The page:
The Ghaziabad sessions court on Saturday permitted the Central Bureau of Investigation (CBI) to submit 10 additional sets of documents in the Aarushi-Hemraj double-murder case.
In the last hearing, the investigating agency and defence lawyers representing accused Rajesh Talwar and Nupur Talwar had argued over placing the documents on record. The Talwars' had strongly opposed the CBI's petition.
Allowing the CBI plea, the court said: "If some mistake is committed in not providing the relevant documents at the time of submitting the report or chargesheet, it is always open to the investigating officer to produce the same with the permission of the court."
Stating that the "ultimate goal is the discovery of truth," the court said that "the accused in this case could not show that they shall be prejudiced in any way in their defence and if documents are admitted on record, they will suffer any disability or detriment in the protection available to them under the Indian criminal jurisprudence".The defence also got a set of these documents. "We will take a call order only after we receive the certified copies," Talwars' lawyer Manoj Shishodia said.
He said the documents includes reports related to the seizure-memo of a Nokia N-72 mobile phone in 2009, start-stop activity report of the internet router, CDs containing details of SIM cards of mobiles, details of laptops, digital camera, cell phone seized after the crime, computer records, pictures, call detail records and Orkut profile details.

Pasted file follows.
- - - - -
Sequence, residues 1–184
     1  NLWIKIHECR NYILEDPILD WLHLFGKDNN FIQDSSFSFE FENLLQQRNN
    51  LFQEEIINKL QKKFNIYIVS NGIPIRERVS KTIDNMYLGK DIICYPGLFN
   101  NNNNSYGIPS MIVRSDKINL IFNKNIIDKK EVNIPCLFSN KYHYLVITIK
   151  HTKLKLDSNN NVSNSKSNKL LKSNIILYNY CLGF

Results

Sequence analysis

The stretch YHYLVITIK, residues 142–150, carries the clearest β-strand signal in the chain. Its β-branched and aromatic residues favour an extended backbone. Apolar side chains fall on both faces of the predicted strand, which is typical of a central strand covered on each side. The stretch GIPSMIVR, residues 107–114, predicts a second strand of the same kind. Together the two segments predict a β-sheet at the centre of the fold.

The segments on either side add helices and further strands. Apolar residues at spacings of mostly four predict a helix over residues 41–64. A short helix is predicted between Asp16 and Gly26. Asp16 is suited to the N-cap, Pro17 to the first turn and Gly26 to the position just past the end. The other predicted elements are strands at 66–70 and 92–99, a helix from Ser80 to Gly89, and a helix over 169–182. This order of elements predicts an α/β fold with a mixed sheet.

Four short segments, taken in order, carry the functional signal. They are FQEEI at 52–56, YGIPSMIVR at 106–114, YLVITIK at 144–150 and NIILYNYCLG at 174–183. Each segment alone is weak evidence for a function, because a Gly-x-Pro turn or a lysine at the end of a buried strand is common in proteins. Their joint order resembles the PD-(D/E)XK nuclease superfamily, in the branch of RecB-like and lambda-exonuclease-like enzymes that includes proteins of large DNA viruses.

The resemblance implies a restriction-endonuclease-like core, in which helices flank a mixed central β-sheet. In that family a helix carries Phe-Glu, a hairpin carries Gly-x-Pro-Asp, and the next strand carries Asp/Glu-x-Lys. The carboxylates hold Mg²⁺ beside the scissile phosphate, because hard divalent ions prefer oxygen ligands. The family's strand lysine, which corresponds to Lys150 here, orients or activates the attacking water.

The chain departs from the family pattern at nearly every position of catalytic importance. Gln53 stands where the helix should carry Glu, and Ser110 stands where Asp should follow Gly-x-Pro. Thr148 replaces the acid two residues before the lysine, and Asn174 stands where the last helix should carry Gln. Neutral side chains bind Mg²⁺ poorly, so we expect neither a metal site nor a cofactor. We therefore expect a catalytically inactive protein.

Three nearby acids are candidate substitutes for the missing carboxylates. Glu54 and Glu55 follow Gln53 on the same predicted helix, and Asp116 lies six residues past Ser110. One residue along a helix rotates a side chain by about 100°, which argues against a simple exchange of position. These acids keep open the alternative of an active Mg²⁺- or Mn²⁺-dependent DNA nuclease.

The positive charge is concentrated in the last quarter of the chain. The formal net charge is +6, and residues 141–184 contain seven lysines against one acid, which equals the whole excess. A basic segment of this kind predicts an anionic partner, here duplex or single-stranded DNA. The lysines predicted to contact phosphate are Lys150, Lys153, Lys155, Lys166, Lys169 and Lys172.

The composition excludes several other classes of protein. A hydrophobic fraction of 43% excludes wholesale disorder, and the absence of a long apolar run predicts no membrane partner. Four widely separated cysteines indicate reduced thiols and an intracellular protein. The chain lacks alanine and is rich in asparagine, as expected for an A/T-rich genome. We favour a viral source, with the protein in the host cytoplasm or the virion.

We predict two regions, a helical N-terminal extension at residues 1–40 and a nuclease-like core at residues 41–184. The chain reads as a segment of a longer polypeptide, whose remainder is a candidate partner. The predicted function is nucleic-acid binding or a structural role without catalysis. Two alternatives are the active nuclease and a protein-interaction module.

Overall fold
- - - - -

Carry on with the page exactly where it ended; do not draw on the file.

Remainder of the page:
One of the key documents is related to a clarification sent by the Centre for DNA Fingerprinting and Diagnostics (CDFD) in Hyderabad to the CBI regarding a 'pillow cover' and a 'pillow with cover'.
The defence maintains that the pillow cover, recovered from the room of previous suspect Krishna Thadarai, was found positive for Hemraj's DNA.
On the other hand, the CBI maintains the numbers of the two exhibits were interchanged, which the CDFD later clarified through a letter that the CBI wants to place on record.
Referring to the CDFD letter, the court said, "it would be too early to speculate that the letter or any other document filed with the list has been manufactured…"